Transit officials in California have awarded a contract for emergency repairs to stabilize a slipping hillside that has pushed a section of beachside railroad toward the Pacific Ocean.

Oakland, Calif.-based geotechnical contractor Condon-Johnson & Assoc. will perform emergency stabilization work along an approximately 700-ft-long section of track on the Orange County Transportation Authority-owned Orange County Line and Inland Empire-Orange County Line in San Clemente. The team is currently finalizing design and permitting, OCTA spokesperson Eric Carpenter says.

Incremental hill movement plus storm surge and sand erosion have moved the tracks as much as 28 in. over the past 13 months, according to OCTA.

The project will involve drilling 100-ft steel anchors into the bedrock of the hill above the track to prevent it from pushing the track further toward the ocean. The team has also added riprap on the coastal side of the right-of-way to secure it until the emergency stabilization work begins. The project is expected to cost about $12 million. 

Area service of the Metrolink commuter rail and Amtrak Pacific Surfliner has been suspended since Sept. 29 over safety concerns. BNSF has continued to operate freight service through the area, a spokesperson says.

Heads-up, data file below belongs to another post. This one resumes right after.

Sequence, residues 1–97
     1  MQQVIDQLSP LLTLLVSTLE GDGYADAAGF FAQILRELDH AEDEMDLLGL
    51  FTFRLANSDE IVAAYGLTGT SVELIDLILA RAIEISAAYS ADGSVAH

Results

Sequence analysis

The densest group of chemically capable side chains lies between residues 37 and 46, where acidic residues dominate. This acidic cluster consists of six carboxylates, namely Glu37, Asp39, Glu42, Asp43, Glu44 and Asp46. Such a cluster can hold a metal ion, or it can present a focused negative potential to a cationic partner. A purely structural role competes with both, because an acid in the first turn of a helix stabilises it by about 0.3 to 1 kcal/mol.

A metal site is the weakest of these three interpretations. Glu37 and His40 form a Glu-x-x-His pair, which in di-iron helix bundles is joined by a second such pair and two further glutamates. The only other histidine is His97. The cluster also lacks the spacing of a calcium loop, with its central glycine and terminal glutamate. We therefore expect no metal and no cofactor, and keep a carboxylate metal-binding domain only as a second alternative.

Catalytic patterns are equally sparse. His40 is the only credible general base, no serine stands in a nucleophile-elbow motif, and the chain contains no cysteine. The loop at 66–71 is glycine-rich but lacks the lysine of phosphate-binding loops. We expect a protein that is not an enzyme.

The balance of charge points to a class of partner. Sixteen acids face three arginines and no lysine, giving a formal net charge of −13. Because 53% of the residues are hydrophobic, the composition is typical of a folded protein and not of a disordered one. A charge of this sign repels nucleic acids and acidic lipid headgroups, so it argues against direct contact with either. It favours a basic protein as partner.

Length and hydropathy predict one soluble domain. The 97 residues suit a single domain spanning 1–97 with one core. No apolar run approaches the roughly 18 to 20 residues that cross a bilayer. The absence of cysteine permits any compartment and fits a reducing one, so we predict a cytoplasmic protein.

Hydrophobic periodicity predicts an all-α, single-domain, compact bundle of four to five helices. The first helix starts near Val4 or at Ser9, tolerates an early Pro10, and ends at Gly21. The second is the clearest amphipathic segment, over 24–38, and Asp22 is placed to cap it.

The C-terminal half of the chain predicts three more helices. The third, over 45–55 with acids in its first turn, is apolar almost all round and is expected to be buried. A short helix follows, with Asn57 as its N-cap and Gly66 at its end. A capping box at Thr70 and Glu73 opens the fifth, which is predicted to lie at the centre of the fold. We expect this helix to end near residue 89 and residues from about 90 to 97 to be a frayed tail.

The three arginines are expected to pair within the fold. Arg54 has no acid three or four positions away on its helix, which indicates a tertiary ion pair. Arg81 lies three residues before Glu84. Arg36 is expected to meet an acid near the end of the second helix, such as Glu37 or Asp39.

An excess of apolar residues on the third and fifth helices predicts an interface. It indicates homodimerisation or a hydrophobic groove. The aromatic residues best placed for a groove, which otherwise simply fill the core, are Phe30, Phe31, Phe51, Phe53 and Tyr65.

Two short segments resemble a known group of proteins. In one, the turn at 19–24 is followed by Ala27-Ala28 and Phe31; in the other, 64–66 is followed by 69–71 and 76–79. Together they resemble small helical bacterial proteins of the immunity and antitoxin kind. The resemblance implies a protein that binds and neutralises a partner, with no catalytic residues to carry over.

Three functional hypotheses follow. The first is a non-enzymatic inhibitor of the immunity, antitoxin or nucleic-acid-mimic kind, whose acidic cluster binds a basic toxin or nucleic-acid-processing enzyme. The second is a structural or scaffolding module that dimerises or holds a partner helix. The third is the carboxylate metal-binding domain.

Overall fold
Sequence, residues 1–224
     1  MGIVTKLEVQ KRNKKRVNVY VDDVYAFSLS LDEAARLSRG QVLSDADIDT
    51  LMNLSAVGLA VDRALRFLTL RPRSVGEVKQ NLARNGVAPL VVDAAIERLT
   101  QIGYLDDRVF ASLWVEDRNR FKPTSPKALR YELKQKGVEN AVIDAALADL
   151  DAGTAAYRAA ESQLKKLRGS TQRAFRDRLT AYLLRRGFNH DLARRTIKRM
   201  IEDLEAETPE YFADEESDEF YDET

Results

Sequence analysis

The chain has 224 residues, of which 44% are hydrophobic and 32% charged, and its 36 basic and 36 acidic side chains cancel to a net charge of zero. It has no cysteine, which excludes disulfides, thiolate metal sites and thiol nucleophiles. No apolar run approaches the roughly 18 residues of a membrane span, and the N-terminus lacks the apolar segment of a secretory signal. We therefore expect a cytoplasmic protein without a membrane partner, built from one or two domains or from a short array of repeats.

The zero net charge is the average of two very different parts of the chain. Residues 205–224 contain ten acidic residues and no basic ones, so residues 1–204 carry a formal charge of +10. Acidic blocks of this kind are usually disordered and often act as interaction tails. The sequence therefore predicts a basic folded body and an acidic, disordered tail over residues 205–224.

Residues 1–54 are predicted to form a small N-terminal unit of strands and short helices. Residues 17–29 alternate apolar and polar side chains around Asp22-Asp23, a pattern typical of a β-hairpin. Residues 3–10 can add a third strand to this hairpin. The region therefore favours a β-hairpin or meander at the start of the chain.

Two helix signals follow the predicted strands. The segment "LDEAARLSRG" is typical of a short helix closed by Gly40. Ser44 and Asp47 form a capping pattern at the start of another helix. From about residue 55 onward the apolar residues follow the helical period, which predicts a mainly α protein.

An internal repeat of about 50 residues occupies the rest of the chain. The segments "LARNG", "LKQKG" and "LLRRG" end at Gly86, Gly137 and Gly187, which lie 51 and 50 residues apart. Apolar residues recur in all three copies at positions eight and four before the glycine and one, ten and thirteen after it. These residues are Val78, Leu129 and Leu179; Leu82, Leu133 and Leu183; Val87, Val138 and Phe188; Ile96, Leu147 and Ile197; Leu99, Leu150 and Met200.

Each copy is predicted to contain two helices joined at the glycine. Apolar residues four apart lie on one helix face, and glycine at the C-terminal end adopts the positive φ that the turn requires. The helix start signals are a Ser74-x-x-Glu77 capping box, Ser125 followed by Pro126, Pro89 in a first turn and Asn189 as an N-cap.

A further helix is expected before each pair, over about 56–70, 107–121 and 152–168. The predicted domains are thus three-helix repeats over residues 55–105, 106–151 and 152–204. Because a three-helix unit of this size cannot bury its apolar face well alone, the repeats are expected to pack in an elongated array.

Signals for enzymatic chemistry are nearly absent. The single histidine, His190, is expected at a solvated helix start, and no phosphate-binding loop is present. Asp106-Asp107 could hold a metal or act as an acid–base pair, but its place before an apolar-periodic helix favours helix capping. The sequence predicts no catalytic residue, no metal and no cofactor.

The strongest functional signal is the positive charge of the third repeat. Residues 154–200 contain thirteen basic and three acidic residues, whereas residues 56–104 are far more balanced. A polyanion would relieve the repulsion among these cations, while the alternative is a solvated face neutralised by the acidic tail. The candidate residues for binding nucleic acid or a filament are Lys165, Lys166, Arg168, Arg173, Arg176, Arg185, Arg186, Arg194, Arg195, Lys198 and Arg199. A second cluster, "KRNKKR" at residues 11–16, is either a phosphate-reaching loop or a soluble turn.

Officials had initially planned for a two-phase project that would have enabled passenger rail service on the heavily used line to resume as soon as November. It would have involved using temporary anchors while permanent anchors made of noncorrosive material were manufactured.

However, the contractor instead will perform the work in a single phase with noncorrosive materials, Carpenter says. 

The revised timeline means passenger rail service cannot resume until mid-December at the earliest, and may have to wait until mid-January when construction is expected to finish. But the second phase of work, which had been expected to last until July 2023, will not be necessary. 

Mark Murphy, OCTA chairman and Orange mayor, said in a statement that the emergency stabilization work is “uncharted territory” but that the agency would act in the interest of passenger safety.

“We want this work to get done as soon as possible but we first need to make sure it’s done right and the slope is secure,” he said.

Financing Not Yet Secured

The California Transportation Commission approved $6 million for the work during an emergency meeting Oct. 3. OCTA officials say they are working with state and federal officials to secure the rest of the funding for the project.

This section of track is part of the 351-mile LOSSAN rail corridor connecting Los Angeles to San Diego and San Luis Obispo. It is the second-busiest intercity passenger rail corridor in the U.S. with more than 8.3 million annual passengers pre-COVID-19, according to OCTA.

OCTA staff are scheduled to update the authority’s board of directors on the situation at an Oct. 24 meeting.